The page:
Modi’s statement about his preference for ‘Toilets over Temples’ is quite significant in this regard. A lack of adequate and appropriate hygiene facilities may be a factor in explaining the prevalence of sexual crime against women. During a conversation with a close friend who had worked in Haiti during the post-earthquake period, it emerged that lack of illumination (electricity) around toilets was a major factor in the prevalence of sexual crimes against women. Once adequate lighting was provided, the frequency of crime came down dramatically. ‘Lighting’ as an important factor in human security was also amplified during the ‘Nirbhaya’ tragedy in Delhi. Modi’s statement on toilets also gives perspective to the magnitude of the problem. ‘Ram Temple’ and ‘India Shining’ don’t hold a candle to the issue of providing basic sanitation – among the most important needs of the other 99%.

With only the ‘vote’ as their bargaining chip, it is easy to imagine the extent of the voters’ faith in the electoral exercise, especially when one places into perspective their disappointing experience with electoral politics over the decades. Thane needs to understand the average citizen’s disillusion with the vote in terms of the larger social reality of India. To simply put down voter attitudes to ‘promise of prosperity’ and a ‘race towards higher GDP’ is a simplistic supposition, largely derived from popular media, political propaganda and the interests of the other 1%, who are at best fringe elements in the social diaspora.

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Coming back to the cited article, Thane, in his first paragraph, refers to a lady, whose background and seeming nonchalance should place her among the top 1% of the Indian electorate, light years away from the rest. As growing disparity continues to divide the masses from the elite, shared social spaces begin to contract. Call it safety concerns, divergent interests or time constraints, there’s little to draw the country together as a social whole. India’s penchant for status/class/projection makes it unfashionable to be too proximate the rest, most of the times, and this has an adverse effect on social order. For instance, as long as the 1% stay away from public transport or government/public schools, one cannot expect a massive improvement in the quality of services these provide, utility-wise or security-wise.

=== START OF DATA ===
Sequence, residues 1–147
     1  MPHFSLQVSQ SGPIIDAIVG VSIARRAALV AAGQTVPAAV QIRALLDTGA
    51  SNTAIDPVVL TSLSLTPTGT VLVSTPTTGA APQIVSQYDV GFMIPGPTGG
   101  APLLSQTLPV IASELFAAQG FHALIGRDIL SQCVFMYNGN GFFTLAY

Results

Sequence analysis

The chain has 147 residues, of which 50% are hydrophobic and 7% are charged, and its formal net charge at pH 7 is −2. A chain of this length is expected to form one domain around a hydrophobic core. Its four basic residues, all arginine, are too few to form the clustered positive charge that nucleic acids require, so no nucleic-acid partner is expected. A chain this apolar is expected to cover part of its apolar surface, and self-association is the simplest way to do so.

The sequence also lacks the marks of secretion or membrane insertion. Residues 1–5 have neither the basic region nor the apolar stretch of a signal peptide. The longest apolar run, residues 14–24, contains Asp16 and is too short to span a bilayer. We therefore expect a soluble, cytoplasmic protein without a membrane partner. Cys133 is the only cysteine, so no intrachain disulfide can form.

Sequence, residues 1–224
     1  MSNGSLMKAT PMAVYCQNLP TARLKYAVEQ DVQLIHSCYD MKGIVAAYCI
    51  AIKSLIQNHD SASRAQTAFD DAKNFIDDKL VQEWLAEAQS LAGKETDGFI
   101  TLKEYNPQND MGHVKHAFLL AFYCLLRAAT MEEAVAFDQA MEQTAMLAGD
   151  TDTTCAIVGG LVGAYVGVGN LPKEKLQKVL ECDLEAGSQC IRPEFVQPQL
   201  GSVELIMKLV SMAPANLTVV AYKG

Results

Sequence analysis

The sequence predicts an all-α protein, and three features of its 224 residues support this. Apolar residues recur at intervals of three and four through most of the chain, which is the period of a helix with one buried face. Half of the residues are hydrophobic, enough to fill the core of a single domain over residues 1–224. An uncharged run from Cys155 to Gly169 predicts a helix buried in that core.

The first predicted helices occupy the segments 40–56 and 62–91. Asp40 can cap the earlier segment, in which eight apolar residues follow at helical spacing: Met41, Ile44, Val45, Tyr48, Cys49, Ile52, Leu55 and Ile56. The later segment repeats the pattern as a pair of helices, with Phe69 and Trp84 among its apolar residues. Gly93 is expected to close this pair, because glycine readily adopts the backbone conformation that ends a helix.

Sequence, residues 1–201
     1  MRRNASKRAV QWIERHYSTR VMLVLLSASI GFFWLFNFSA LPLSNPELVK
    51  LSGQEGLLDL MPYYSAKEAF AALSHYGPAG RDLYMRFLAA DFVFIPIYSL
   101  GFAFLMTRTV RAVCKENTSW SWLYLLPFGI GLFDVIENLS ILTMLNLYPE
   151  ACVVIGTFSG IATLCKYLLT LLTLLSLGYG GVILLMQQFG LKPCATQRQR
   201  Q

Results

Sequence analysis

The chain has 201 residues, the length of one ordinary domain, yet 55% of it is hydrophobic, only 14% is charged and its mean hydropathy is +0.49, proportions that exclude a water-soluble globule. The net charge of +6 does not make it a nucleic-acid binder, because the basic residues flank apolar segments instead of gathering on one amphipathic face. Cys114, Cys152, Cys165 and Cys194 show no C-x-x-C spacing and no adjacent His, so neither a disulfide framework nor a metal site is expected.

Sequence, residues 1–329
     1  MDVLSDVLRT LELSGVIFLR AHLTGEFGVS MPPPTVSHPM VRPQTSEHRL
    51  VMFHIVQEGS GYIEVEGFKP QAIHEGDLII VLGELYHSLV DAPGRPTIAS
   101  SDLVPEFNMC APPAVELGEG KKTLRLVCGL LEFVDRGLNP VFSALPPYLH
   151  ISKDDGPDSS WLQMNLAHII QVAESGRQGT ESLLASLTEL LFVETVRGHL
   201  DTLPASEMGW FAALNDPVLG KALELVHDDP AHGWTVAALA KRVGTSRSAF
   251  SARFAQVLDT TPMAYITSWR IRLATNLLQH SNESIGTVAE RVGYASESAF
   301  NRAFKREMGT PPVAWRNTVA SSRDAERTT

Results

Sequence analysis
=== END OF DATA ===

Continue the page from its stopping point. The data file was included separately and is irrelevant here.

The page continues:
In all fairness to the Maslow logic, the top 1% is also populated by other elements that contribute their intellectual and financial capital in interest of the community, which gradually transfer social goods down the ladder. In fact, the potential effectiveness of the 1% as a catalyst of social action is not limited, by any stretch of imagination. 26/11 is a case in point. The direct attack on the 1% within their everyday environment was the trigger that brought the entire country on its feet. These are positive social actions that can bridge the divide between the haves and the have-nots by addressing deficiencies in the macro social structure. But, are periodic catastrophes in urban areas the only ways to ensure positive social interaction? That is the question.

In terms of ‘proximity’ shaping the top 1%, safety and physiological needs, ever paramount, are met through personal traits – while community-based social attributes are only sought as aberrations, permitting a degree of non-concern for the social fabric across the various sections of society. This is a routine feature of India and also explains to an extent the lack of civic sense prevalent among Indians in general (at least while they’re within the ‘tolerant’ borders of the country).